By Michele Lerner
While a recent survey by Citi (C) shows that nine out of 10 parents teach their kids about money and 59 percent say they talk to their kids about personal finance, there are still a few financial topics that parents prefer not to discuss.
“Our survey findings showed that most parents have begun discussing finances with their children before age 13, and nearly half of respondents said that sensitive financial topics are not off-limits for conversations with their children,” says Linda Descano, a personal finance expert with Citi. “However, the topics that most respondents found offlimits were ‘the amount of money I make’ (with 28 percent believing this was off-limits), ‘the amount of savings we have’ (27 percent) and ‘the amount of debt we have’ (26 percent).”
The study also found that 13 percent of people don’t want to talk about the value of their home with their kids, and 10 percent don’t want their kids to know the cost of their school’s tuition. Many parents mistakenly think it’s better not to discuss family financial issues with their children, says Ric Runestad, owner of Runestad Financial in Fort Wayne, Indiana. He says reasons for believing money is a taboo topic include:
• Some parents don’t want to trouble their kids with adult concerns about their income, debt and savings.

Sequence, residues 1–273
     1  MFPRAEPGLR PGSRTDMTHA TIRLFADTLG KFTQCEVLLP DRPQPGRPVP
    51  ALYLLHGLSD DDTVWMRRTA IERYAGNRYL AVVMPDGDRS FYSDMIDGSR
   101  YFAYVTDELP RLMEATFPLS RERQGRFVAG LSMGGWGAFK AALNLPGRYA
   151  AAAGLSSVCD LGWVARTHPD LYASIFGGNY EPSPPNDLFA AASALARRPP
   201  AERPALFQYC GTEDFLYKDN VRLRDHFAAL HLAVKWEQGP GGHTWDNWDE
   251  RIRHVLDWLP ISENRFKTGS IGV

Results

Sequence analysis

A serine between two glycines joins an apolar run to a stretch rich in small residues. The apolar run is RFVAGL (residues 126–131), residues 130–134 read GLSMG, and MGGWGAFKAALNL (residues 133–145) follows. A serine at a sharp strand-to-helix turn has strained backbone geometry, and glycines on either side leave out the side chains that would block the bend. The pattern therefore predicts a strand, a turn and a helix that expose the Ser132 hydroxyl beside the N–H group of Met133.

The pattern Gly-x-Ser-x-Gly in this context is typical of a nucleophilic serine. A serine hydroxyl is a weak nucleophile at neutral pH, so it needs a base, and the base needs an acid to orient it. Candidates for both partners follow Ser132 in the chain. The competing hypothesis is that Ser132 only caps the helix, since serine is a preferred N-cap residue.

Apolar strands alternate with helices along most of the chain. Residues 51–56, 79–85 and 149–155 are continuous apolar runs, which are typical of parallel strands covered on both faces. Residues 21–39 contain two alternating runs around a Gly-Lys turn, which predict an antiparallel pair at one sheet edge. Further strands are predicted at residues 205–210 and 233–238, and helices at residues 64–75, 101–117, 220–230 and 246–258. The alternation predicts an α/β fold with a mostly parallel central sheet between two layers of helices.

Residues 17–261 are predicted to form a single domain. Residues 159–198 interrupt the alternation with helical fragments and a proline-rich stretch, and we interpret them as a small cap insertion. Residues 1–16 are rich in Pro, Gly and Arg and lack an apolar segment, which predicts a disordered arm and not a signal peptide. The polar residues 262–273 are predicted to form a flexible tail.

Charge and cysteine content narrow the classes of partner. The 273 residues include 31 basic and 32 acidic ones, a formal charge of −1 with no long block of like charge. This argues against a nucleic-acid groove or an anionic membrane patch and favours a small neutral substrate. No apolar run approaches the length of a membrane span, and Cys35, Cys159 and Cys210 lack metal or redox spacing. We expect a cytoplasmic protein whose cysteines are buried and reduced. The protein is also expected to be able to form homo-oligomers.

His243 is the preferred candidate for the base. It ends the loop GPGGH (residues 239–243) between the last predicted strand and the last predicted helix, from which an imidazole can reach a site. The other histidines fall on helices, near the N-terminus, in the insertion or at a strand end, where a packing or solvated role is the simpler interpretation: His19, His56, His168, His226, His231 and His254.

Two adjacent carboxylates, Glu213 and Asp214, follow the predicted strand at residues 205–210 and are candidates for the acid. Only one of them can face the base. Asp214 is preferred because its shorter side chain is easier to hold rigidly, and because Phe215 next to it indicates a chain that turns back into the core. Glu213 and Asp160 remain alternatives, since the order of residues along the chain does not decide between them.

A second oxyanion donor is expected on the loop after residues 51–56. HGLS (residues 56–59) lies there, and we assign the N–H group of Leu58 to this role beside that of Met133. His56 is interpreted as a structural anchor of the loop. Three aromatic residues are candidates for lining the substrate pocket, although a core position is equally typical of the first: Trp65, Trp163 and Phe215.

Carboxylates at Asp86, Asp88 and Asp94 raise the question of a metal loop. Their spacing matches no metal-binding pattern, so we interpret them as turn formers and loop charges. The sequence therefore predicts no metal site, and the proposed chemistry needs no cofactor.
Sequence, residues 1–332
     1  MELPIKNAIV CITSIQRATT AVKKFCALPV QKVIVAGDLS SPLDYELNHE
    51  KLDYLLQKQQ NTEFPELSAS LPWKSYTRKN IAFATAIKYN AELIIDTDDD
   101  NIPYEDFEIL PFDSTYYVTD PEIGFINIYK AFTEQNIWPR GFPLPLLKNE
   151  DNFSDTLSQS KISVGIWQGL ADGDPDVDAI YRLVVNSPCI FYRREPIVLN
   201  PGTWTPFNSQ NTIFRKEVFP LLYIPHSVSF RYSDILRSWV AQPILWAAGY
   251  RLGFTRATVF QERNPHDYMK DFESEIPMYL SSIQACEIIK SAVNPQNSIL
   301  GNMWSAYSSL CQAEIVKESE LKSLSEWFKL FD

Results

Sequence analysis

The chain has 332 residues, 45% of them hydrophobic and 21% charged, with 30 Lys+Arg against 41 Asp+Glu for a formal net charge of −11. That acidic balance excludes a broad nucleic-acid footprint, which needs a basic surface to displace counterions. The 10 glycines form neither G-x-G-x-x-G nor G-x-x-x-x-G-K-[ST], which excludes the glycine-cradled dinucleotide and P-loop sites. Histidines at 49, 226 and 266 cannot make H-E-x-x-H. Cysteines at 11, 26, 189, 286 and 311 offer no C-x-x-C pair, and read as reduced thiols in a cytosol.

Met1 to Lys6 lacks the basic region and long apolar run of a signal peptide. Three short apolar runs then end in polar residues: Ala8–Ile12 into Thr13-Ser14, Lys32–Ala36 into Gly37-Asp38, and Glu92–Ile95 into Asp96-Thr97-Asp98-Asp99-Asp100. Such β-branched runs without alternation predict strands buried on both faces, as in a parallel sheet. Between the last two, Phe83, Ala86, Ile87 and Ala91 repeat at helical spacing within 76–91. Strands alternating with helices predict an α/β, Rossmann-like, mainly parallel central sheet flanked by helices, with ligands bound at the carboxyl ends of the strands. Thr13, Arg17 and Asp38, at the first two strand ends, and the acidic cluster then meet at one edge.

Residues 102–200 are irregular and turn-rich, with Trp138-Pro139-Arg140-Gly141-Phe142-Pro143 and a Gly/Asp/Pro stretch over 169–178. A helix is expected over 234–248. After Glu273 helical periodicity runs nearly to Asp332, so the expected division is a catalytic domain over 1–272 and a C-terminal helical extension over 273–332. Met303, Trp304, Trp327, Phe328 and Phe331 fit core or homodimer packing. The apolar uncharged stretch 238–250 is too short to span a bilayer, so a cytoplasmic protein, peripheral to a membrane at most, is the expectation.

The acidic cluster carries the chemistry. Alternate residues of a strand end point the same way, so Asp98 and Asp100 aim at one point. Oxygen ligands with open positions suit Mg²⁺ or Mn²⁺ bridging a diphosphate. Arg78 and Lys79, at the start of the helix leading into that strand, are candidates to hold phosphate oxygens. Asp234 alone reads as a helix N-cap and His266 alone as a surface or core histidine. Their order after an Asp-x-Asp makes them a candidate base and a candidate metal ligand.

• Some parents are afraid their kids won’t respect them if they don’t make much money and have a lot of debt.
• Some parents with a high income and a lot of savings fear their children may become more demanding for material objects knowing their parents can easily afford them.
“A concern for all parents is that their children may not be discerning about whom they discuss family financial issues with and that they might share information with people the parents would rather not want to know about their financial matters,” says Runestad.
Avoiding the Issue
According to an Ameriprise (AMP) study, “Money Across Generations,” 35 percent of adults say that discussing money and finances with their family members is likely to cause a disagreement.
“If this is the case with your partner or other adults inyour family, save these conversations for times when your younger children are not around,” says Suzanna de Baca, vice president of wealth strategies at Ameriprise. “It’s important to have financial conversations with children of all ages to provide opportunities for teaching and learning, but young children can be especially sensitive to arguments andit may cause them to view all financial discussions with negativity as they age.”
In the same study, 70 percent of American adults said that growing up, their parents rarely or never talked about how much money the family had, but 75 percent said their parents regularly or occasionally talked about the importance of saving money.
“If you’re hesitant to discuss how much you [and your spouse] make in income each year, that’s OK, but don’t avoid all financial conversations,” says de Baca. “Talking about the value of saving and making prudent financial decisions with your children can have a lasting impact on their financial attitudes.”